Wednesday, June 08, 2005

Huw's School Days

I went through all the old school stuff in my bedroom at my parents' house today. You know, all the stuff you were told by your parents not to just throw out when you finished school, as “it might be useful one day”. Yes, that’s right – all of my science books containing my clearly bored and incomplete scrawlings on Brownian Motion and how to draw electrical circuits. Thank goodness I kept them: finally, I can put my mind at rest as to how best get a perspective on the wonder of random collisions between molecules or indicate the presence of a resistor.

There was some stuff I’d kept which was just stupid, like my Maths books. Obviously, it must have felt a bit sacrilegious for the teenage post GCSE me to throw them out after the hair-tearing anxiety the contents had cost me, as surely it wasn’t due to any desire to revisit simultaneous equations. But the thing was, at no point in my book did it say how or why to do simultaneous equations (or solve tricky Loci puzzles, or apply the sin curve) – it was just full of answers to unseen questions and problems from textbooks.

And speaking of unseen, perhaps the most pointless bits of work I’d kept were my answers from English Language and Literature exams on unseen texts and poems. What had I been thinking? That one day I’d look back and reminisce “Ah yes, Unseen Text A and B, what a joy they were to study, compare and contrast in that brief 10 minute period between turning over my exam paper and beginning to frantically write any old tosh about assonance. Fond memories.” ?

So, two bin bag fulls later and I’ve managed to purge myself of most of the junk I’d needlessly amassed from my 11-18 education. Next up is the Uni lecture notes, most of which I’m sure will be as pointless a collection of doodles as you could care to read, consisting of as they will a title and date (something like “Postmodern Perspectives on the Feminist Branch of Gestalt: Focault’s Perspective Lecture 4 Feb 9th 02”), a brief attempt at defining the topic, a gap in the notes as I realise having not done the required reading I don’t know what’s going on, a further gap in the notes as I notice that a particular girl across the lecture hall is looking more/less fit than usual, a further gap to text someone on the peculiarities of fitness variance, and then probably an unflattering sketch of the lecturer.

Back to the stuff I’ve rooted through though, it’s prompted the recollection of some long lost memories. Stuff like me and my friend Laura’s unfathomable obsession with the pleasing nature of the name FW de Clerk which required us to graffiti each other’s work with declarations of love for the great man whilst we were suppost to be plotting timelines of South Africa's last 200 years. Upon seeing some of my old A-level English Literature work, I remember the sinking feeling of doom I felt time upon time as piece after piece of work got handed back to me graded with a seemingly never improving D- together with the bewildering comment of “Encouraging!” attached (that turned out okay in the end though). Oh, and a project on the Amish we had to do when we were 14 (btw – see here happy shoppers): why the hell were they teaching us about such an obscure strand of religion in a school in the south of England? Sure, it was a good excuse to get to see Kelly McGillis’ rack in Witness, but seeing as I didn’t even realise that Muslim and Islam aren’t the names of two separate religions until I’d long left school, perhaps there were more pertinent topics we could have been studying?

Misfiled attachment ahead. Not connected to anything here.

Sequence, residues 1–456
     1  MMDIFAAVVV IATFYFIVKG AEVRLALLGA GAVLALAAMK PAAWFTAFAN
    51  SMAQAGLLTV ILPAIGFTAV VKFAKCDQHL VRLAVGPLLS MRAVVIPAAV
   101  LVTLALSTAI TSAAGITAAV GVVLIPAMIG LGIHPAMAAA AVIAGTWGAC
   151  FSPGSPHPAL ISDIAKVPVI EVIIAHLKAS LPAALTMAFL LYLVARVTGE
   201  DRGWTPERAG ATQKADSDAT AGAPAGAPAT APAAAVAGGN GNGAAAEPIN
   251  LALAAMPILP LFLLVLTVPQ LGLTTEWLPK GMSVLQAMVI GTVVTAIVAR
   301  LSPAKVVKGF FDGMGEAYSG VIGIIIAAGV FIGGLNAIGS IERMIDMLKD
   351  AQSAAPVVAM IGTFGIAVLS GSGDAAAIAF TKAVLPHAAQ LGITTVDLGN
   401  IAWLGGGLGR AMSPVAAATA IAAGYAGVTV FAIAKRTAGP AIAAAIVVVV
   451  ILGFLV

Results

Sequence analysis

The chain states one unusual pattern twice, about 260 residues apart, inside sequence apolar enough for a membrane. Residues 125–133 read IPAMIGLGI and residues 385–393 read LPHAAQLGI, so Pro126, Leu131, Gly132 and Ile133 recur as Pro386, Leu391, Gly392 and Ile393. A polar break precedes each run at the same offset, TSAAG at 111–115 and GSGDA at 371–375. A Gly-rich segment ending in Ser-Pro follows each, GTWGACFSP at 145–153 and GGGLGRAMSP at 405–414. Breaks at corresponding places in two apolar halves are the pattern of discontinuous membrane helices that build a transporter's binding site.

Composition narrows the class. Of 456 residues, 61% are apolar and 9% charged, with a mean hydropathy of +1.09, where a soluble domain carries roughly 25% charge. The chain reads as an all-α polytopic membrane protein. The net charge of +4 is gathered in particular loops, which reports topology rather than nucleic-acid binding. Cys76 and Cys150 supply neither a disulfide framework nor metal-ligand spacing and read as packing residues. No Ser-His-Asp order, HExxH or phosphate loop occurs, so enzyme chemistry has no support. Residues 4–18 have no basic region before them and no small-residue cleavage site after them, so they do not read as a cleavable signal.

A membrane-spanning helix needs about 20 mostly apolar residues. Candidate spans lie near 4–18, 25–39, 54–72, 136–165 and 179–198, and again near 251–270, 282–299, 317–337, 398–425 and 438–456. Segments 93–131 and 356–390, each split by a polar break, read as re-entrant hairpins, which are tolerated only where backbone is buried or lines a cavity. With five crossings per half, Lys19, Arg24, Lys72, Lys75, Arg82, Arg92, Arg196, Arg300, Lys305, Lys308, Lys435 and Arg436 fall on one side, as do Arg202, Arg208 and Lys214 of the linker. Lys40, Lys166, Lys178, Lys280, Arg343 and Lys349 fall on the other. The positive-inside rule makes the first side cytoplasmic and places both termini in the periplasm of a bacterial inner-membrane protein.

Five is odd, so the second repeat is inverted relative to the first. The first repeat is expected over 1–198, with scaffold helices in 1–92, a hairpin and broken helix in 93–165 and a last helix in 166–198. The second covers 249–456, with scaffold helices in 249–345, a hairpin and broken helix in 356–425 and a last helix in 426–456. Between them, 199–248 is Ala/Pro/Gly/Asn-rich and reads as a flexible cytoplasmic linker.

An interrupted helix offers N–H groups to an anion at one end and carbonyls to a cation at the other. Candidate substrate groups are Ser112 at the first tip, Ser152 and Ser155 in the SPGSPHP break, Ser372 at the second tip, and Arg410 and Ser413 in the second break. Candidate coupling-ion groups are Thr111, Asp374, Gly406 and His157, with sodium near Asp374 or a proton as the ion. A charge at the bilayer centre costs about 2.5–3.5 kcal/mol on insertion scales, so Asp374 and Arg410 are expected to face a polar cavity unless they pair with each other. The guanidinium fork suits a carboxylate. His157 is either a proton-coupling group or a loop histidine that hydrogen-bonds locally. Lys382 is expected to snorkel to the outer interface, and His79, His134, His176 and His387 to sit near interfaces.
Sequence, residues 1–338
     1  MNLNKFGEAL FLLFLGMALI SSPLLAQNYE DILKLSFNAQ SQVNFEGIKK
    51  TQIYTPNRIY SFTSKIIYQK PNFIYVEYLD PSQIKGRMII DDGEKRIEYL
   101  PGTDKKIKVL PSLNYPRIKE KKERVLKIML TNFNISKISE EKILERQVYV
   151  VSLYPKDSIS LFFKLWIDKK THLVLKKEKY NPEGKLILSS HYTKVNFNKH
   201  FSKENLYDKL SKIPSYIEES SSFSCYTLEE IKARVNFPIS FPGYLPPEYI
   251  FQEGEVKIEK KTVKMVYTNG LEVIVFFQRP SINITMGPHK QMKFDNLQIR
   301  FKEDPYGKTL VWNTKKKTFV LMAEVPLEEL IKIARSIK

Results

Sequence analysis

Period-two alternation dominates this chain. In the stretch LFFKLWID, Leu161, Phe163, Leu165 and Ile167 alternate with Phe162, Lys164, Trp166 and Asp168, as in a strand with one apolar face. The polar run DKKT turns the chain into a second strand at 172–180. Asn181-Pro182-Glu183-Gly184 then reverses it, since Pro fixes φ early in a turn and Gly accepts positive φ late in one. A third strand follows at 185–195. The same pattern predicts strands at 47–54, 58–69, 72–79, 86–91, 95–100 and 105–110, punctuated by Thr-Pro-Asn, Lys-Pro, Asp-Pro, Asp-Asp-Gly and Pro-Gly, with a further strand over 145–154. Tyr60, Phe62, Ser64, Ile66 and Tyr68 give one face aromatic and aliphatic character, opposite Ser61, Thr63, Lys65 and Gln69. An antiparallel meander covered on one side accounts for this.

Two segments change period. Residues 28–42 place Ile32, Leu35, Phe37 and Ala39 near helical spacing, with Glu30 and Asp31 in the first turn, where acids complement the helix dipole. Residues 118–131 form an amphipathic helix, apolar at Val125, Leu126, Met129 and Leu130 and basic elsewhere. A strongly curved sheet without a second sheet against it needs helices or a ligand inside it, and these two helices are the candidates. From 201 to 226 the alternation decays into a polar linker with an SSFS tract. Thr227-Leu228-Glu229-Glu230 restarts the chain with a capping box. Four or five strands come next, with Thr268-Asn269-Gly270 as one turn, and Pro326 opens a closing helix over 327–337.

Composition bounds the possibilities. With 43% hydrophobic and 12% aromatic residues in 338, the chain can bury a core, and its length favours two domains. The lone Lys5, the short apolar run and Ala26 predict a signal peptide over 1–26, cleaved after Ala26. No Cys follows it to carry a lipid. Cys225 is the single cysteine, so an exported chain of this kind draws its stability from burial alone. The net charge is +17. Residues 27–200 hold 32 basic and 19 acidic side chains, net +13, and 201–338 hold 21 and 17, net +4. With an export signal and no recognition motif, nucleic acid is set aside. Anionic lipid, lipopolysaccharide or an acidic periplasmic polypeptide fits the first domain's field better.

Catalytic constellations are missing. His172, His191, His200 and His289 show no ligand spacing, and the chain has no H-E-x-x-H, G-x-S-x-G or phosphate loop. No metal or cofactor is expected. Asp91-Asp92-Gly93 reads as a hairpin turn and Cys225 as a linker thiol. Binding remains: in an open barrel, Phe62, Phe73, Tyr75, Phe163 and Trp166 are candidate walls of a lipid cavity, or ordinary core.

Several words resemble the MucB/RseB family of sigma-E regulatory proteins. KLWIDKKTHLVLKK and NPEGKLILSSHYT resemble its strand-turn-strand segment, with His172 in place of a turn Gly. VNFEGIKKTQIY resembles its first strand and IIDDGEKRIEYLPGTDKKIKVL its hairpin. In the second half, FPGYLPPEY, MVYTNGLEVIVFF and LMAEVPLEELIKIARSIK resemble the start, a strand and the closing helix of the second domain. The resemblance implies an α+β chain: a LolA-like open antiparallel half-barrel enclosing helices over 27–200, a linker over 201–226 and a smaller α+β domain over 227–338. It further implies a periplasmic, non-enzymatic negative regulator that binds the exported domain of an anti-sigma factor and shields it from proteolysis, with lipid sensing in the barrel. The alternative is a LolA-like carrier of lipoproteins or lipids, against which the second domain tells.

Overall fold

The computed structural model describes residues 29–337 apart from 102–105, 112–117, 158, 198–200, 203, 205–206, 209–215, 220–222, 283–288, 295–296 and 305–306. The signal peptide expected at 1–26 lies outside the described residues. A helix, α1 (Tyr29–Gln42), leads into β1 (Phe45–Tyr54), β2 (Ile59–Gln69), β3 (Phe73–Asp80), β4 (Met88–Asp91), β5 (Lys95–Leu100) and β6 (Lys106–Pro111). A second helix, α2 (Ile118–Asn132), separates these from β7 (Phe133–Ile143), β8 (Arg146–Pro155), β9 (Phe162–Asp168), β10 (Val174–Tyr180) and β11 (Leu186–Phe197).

What really struck me though was the prevalence of one certain topic which managed to pop up in Geography, Humanities, Science and even Maths. It’s funny how you never hear much about acid rain anymore...


deanne said...

Hm - my mother still has my old spelling books from when I was about 6, purely for sentimental reasons (I assume!).

Shane said...

Hello Huw. I liked this post. You are linked.

I agree re the way in which 'FW de Clerk' sings in the ear. Also related to your post, I like the word 'quadratic'.

A related note of buffoonery: At primary school, after our weekly class 5 spelling test (in which we scored out of 20) the teacher would note our scores and we would then troop forth one-by-one to get an ink stamp in our spelling test booklets. There were 3 stamps to choose from - 'Excellent', 'Improving' and the ignominious 'Try Harder'. Gladly, the first of these was most familiar to me. However, regardless of the sequence of any child's scores, the teacher would stamps as follows:-

19 or 20/20: Excellent
17 or 18/20: Improving
16 or below: Try Harder

That it did not occur to the teacher that a child scoring lots of 19s and 20s would find it odd to receive an 'Improving' stamp upon a dip in form (17 or 18) baffled me. Now, I think of it as disappointing.

Good day.

Claire said...

Ah the good old days of scribbling over each other's GCSE homework about something much more important and my case usually something connected with music. I did a similar clear out about a year ago and took great pleasure in disposing of books that I hadn't even thought about let alone found useful since leaving school. The worst thing I found though...reports!! Seeing all of my teachers complain about my shoddy handwriting when theirs was barely legible was something I found so amusing I've actually kept the reports stored away in Mum's attic for a rainy day!